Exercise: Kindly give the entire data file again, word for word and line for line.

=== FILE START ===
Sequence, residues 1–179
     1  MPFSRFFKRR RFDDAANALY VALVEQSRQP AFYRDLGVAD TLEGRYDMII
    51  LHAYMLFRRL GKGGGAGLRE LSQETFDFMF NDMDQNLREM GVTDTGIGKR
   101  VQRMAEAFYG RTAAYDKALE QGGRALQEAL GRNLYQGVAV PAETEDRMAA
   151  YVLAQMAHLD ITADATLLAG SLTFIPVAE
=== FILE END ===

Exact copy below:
Sequence, residues 1–179
     1  MPFSRFFKRR RFDDAANALY VALVEQSRQP AFYRDLGVAD TLEGRYDMII
    51  LHAYMLFRRL GKGGGAGLRE LSQETFDFMF NDMDQNLREM GVTDTGIGKR
   101  VQRMAEAFYG RTAAYDKALE QGGRALQEAL GRNLYQGVAV PAETEDRMAA
   151  YVLAQMAHLD ITADATLLAG SLTFIPVAE